People currently use a quarter to a third of the land’s potential ‘net primary production’ (NPP) for food, feed, fibre, timber and energy. (NPP is the amount of carbon accumulated through photosynthesis minus the amount lost by plant respiration, which would prevail in the absence of land use.)
Changes in land conditions (such as heat-related events) and heavy precipitation events can significantly modify the likelihood, intensity and duration of many extreme climate events. They can also affect temperature and rainfall in regions hundreds of kilometres away.
Asia and Africa are projected to have the highest number of people vulnerable to increased desertification. North America, South America, the Mediterranean, southern Africa and Central Asia may be increasingly affected by wildfire. The tropics and subtropics are projected to be most vulnerable to crop yield decline.
The report says that access to cleaner energy sources and technologies can help to mitigate climate change and combat desertification and forest degradation. This can have socioeconomic and health benefits, especially for women and children.
Insecure land tenure affects the ability of people to make changes to land that can help with climate change adaptation and mitigation. Land policies (including the recognition of customary tenure, community mapping, redistribution, decentralisation, co-management, and regulation of rental markets) can help provide people with security and give them flexibility in their responses to climate change.
Public health policies to improve nutrition (such as increasing the diversity of food in public procurement), health insurance, financial incentives, and awareness-raising campaigns can potentially influence food demand, reduce healthcare costs, and contribute to lower GHG emissions. Influencing the demand for food by promoting diets based on public health guidelines can enable more sustainable land management.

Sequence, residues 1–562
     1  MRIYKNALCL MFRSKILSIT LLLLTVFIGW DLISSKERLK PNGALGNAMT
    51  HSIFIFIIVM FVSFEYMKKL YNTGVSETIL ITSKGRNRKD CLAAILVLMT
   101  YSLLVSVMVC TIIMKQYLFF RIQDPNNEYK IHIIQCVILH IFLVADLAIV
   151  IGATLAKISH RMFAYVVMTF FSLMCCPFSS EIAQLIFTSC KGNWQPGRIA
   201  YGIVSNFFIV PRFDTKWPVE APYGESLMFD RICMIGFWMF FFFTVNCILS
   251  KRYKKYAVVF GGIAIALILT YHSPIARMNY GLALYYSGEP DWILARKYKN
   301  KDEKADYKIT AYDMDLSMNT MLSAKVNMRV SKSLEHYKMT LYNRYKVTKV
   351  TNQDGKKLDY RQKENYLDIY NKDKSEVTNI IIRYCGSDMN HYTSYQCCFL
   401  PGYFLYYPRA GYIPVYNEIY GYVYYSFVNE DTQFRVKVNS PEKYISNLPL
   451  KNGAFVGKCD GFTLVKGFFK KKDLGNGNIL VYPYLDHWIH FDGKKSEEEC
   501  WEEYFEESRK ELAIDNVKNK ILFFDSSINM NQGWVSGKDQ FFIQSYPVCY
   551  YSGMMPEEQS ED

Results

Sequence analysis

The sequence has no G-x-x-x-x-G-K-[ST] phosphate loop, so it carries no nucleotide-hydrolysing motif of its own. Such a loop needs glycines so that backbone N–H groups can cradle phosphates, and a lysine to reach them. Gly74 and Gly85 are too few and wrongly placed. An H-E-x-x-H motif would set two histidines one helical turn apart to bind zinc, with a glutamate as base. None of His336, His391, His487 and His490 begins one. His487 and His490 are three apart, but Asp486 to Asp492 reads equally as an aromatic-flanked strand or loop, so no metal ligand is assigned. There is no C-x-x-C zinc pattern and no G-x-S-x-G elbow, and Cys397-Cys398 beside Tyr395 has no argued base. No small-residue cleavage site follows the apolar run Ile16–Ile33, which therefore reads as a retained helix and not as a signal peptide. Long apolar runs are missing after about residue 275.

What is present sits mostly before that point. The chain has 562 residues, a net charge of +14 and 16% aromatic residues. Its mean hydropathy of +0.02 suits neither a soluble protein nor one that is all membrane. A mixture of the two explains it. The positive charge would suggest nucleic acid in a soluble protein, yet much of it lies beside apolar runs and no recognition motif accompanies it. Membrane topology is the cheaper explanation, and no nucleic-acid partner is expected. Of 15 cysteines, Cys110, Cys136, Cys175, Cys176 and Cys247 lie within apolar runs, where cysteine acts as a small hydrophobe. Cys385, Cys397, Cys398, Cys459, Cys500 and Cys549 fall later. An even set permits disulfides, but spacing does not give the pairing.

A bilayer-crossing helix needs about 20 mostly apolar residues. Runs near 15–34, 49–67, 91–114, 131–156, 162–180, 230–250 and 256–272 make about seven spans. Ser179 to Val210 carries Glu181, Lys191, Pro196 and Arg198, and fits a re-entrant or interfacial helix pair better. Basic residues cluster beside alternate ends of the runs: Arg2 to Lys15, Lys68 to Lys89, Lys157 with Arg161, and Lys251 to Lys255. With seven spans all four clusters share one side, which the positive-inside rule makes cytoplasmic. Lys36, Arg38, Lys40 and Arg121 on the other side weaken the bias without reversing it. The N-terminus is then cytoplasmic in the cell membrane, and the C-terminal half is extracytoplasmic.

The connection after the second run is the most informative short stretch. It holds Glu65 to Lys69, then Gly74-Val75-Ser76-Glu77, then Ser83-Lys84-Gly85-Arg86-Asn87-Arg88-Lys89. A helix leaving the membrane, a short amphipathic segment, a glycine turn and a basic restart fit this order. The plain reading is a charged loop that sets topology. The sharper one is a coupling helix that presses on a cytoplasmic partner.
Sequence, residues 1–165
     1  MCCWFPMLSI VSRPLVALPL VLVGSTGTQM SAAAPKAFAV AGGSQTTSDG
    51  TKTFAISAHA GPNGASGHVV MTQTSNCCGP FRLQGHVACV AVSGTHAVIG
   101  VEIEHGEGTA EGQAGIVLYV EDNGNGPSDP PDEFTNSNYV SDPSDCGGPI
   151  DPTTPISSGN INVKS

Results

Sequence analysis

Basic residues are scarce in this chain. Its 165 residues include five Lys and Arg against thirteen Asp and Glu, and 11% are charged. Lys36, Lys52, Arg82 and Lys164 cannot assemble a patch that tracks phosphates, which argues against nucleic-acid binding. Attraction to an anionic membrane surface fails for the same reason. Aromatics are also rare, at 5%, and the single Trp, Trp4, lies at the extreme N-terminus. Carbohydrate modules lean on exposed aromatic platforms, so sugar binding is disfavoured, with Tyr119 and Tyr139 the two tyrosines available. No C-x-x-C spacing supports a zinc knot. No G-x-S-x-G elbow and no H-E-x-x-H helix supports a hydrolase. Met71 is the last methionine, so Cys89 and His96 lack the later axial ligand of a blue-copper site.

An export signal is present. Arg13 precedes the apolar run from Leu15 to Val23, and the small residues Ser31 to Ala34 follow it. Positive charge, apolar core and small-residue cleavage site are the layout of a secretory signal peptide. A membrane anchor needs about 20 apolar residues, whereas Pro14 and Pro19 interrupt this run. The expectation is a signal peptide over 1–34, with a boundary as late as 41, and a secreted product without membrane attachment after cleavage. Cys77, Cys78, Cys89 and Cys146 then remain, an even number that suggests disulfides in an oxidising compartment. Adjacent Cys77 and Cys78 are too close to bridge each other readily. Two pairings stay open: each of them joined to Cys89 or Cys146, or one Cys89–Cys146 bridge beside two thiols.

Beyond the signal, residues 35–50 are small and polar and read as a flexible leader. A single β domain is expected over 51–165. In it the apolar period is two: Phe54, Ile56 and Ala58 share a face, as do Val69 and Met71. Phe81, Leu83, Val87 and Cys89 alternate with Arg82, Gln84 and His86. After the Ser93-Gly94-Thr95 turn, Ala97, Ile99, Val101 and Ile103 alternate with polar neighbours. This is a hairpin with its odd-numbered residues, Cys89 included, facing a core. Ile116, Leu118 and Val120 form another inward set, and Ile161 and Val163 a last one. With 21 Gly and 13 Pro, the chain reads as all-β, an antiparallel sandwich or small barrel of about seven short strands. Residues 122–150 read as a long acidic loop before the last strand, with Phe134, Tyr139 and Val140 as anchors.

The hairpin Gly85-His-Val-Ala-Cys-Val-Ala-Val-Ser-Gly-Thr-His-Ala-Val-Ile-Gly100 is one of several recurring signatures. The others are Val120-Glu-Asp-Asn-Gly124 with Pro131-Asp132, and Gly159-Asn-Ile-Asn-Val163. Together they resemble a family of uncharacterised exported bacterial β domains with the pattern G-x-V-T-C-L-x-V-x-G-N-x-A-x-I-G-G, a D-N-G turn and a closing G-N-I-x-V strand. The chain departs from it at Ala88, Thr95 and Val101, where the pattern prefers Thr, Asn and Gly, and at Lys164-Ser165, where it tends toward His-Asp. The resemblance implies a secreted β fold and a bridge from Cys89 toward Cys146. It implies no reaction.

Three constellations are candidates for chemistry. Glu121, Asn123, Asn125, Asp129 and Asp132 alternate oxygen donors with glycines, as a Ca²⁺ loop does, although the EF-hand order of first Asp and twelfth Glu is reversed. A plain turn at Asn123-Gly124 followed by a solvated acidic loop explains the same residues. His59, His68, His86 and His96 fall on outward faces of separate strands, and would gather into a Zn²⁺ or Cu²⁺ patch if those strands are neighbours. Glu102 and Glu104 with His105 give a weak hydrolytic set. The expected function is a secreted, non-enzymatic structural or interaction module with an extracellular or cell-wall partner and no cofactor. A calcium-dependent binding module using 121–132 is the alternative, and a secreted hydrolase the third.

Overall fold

Agricultural practices based on indigenous and local knowledge can contribute to overcoming the challenges of climate change, food security, biodiversity conservation, desertification and land degradation. Such practices can be adopted through coordination between businesses, producers, consumers, land managers, policymakers and indigenous peoples.
The land and food sectors around the world face particular challenges of ‘institutional fragmentation’ and narrowly focussed policies. Coordination with other sectors, such as public health, transportation, environment, water, energy and infrastructure can benefit them all at the same time.
The report says that policies which reduce food loss and waste, influence dietary choices, improve access to markets, secure land tenure, and factor environmental costs into food, among others, could help make land use more sustainable. Such policies could also enhance food security, lower emissions, reduce land degradation, desertification and poverty as well as contribute to climate change adaptation and mitigation.Focus and Factoids by Oorna Raut.
Intergovernmental Panel on Climate Change (IPCC)
Intergovernmental Panel on Climate Change (IPCC), Geneva
07 Aug, 2019